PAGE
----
Meet Samsung’s 2017 Quantum Dot QLED 4K High Dynamic Range TVs for CES 2017
Stephan Jukic – January 3, 2017
While we can’t yet unlock official details about Samsung’s new 4K TVs for the start of 2017 for public release, there’s plenty of information of a pretty reliable nature spinning around the web already about what are reportedly going to be called QLED, or Quantum Dot TVs. These models are slated for presentation at CES 2017 by the Korean manufacturing leader.
The new Quantum Dot/QLED TVs from Samsung are expected to be a new and highly advanced generation of high dynamic range 4K models which will reportedly supersede the capabilities of Samsung’s already stunning 2016 SUHD HDR TVs by a whopping 50%. More importantly, the new televisions are reportedly going to solve many of the issues that have traditionally plagued LCD 4K display when it comes to color, viewing angles and most importantly, black levels, which have always been a weak spot in the LCD display landscape when compared to the blacks delivered by OLED TVs.
In terms of peak brightness, Samsung is reportedly claiming a new “HDR 1500” standard for their new 2017 SUHD TV replacements and this alone gives us plenty of reason to be excited due to the HDR display potential it offers. The 2016 SUHD TV lineup of models like the flagship KS9800 and the remarkably identical KS9500, KS9000, KS8000 and KS8500 all promised what Samsung called “HDR 1000” display brightness technology, referring to these TVs’ ability to put out 1000 cd/m2 of peak brightness and in all fairness, Samsung more than delivered on this promise for the 2016 models. They not only managed 1000 nits, but actually even surpassed it, with every single one of the KS-Series SUHD TVs being capable of reaching as high as 1400+ nits of peak brightness in sections of their display. This made them some of the very brightess HDR LCD TVs of 2016 and it greatly contributed to their overall ability to deliver a stunning HDR picture quality for high dynamic range content.
Thus, if HDR 1500 is just the promised specs of the 2017 Quantum Dot TVs, we hope to see these new models over-deliver just like their 2016 cousins did.
Additionally, the expectation is high that the QLED TVs offer even further wide color gamut coverage enhancements thanks to their more refined quantum dot display technology and other factors and even if they can’t deliver deeper blacks than their 2016 SUHD cousins, superior brightness and color performance will definitely go a long way towards creating perception of rich black levels. One other thing we’d also love to see in the new Samsung premium TVs is full-array LED backlighting across the board. In both their 2015 and 2016 SUHD TVs, Samsung installed full-array LED backlighting in only the priciest flagship models, opting for edge-lit displays in the rest of each year’s SUHD TVs. With Full-array backlighting, a 4K TV can deliver a much stronger level of local dimming for onscreen content and as a result also offers superior picture quality and black level performance.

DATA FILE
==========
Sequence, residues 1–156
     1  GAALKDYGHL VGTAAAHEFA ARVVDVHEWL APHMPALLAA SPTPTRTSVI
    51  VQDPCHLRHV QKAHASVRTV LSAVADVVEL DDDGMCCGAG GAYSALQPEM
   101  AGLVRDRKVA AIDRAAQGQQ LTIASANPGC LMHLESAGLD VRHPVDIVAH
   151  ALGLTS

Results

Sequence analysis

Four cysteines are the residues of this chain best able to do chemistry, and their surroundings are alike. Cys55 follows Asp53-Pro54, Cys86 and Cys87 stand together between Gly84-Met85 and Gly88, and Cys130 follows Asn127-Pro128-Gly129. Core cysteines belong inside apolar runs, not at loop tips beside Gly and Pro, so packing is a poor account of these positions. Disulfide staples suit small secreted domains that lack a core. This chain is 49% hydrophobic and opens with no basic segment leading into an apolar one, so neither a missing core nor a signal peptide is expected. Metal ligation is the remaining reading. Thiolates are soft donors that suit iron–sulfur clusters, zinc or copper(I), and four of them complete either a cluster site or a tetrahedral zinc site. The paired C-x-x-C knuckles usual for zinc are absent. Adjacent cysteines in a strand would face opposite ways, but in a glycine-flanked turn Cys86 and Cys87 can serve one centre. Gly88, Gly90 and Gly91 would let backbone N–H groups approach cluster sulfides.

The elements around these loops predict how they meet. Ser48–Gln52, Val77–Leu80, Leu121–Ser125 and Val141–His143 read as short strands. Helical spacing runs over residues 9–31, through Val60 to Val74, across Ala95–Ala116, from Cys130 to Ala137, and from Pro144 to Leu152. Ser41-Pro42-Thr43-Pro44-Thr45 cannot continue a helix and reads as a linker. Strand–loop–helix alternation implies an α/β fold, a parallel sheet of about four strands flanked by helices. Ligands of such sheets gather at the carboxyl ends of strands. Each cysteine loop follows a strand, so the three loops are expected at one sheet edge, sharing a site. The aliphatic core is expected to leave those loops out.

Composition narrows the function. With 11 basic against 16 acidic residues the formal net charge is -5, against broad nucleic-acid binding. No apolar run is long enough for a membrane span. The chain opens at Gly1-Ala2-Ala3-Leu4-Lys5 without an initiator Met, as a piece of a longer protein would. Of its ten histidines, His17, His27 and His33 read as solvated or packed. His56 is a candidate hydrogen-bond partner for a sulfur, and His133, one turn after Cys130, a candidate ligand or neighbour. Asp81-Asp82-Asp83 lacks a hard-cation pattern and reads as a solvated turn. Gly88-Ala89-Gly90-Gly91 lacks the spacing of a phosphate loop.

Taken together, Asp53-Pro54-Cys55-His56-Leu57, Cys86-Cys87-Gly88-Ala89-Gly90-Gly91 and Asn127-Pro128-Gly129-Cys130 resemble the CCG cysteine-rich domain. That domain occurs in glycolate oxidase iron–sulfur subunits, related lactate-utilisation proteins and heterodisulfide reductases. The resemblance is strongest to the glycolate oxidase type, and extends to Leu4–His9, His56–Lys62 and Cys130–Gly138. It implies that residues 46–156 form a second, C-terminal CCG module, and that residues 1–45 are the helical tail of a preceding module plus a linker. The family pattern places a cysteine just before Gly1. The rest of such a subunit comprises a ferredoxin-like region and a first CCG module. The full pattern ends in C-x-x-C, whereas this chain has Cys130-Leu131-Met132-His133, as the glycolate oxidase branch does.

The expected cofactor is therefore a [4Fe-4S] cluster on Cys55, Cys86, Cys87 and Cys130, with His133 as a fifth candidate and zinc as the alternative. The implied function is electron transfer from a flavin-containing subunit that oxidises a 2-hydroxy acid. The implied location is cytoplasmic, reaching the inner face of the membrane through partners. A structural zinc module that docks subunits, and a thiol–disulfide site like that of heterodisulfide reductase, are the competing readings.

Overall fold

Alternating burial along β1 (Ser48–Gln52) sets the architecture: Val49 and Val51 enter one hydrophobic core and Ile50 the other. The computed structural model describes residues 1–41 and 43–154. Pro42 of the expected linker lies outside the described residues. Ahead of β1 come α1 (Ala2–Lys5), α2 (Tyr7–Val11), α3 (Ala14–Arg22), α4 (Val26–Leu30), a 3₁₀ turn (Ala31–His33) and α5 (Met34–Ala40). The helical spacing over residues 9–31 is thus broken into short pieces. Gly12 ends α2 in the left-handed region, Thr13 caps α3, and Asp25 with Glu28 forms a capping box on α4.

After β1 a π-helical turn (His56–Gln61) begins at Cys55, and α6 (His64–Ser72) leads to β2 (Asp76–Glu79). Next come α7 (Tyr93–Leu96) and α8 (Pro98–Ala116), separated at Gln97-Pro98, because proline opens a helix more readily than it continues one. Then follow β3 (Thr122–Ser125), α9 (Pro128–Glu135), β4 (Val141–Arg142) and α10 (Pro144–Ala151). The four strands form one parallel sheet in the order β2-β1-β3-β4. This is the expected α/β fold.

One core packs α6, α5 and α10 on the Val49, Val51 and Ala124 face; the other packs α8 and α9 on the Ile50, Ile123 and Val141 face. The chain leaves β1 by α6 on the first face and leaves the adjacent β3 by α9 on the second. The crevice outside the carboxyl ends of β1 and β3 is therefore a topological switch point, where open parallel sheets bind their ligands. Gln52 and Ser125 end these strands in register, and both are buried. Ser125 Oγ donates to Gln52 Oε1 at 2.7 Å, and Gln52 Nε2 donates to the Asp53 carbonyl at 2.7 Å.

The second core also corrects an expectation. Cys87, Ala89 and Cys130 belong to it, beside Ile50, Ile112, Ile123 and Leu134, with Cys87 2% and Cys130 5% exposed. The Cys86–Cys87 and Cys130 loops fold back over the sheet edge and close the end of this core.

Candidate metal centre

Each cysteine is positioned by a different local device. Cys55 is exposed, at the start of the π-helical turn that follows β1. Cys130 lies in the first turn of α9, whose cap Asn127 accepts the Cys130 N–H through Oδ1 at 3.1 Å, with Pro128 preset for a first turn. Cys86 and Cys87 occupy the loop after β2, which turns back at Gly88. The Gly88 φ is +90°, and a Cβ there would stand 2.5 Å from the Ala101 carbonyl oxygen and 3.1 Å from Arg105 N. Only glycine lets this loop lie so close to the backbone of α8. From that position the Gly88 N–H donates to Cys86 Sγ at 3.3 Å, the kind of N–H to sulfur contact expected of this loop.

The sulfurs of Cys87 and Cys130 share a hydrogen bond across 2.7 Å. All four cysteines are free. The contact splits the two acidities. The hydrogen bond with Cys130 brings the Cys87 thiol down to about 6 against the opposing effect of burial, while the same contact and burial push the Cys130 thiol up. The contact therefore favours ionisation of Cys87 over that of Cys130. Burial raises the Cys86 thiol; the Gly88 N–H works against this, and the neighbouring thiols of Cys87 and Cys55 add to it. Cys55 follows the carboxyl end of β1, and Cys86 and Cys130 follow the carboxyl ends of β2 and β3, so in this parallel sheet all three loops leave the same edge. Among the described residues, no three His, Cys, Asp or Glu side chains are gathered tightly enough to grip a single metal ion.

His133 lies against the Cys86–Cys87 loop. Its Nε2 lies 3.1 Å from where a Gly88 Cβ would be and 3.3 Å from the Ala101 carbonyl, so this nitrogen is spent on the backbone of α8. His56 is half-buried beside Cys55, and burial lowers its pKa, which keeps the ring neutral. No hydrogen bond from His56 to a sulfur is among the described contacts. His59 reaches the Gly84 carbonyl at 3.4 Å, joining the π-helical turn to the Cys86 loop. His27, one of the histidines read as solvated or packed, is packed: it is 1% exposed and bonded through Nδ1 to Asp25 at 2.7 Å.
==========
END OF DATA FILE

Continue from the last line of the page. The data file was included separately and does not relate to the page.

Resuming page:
Our first indications of a new and dramatically improved line of 2017 flagship TVs from Samsung came from the Korean website ETNews, which reported that Samsung Electronics had applied for several trademarks whose names are distinctly revealing to say the least. These consist of the aforementioned “HDR 1500”, “Q HDR” and “Real Black”.
The specific technical details of what these names mean are still open to interpretation but with HDR 1500 we can assume a bigger, literally brighter version of HDR 1000, which is already well-known.
And as for the Q HDR, it obviously refers to the use of quantum dot technology in a more involved and refined way as a means of delivering HDR color gamut in the new TVs. “Real Black” is pretty self-explanatory in what it covers but we are curious about how the technology behind the name will actually affect real, extremely accurate and practical black levels in these new 2017 LCD TVs. The wording of “Real Black” suggests the ability to deliver genuine perfect blacks of the kind found in OLED 4K TVs but we’ll see if Samsung can actually deliver such a thing with LCD display technology regardless of the technical wizardry it uses. Currently, even the very best LCD TV displays with full multi-zone local dimming can manage black levels of about 0.015 cd/m2 or slightly deeper but this still doesn’t compare to the outstanding genuinely real black levels managed by OLED display, which sit at 0.0005 nits or even lower (almost unmeasurable and imperceptible brightness for the human eye).
The reporting from ETNews also claims performance boosts of as much as 50% in the Quantum Dot TVs over their 2016 SUHD cousins. This is a major improvement claim indeed and we suspect that it’s mostly based on the peak brightness these new TVs are expected to have.
As for other features like smart TV functionality and connectivity, we definitely expect to see a new version of Tizen in the 2017 models and we’re hoping to see some more connectivity options as well, though the same configuration of four HDMI 2.0a ports and a couple of USB 3.0 ports is most likely due to its practicality.
Story by 4k.com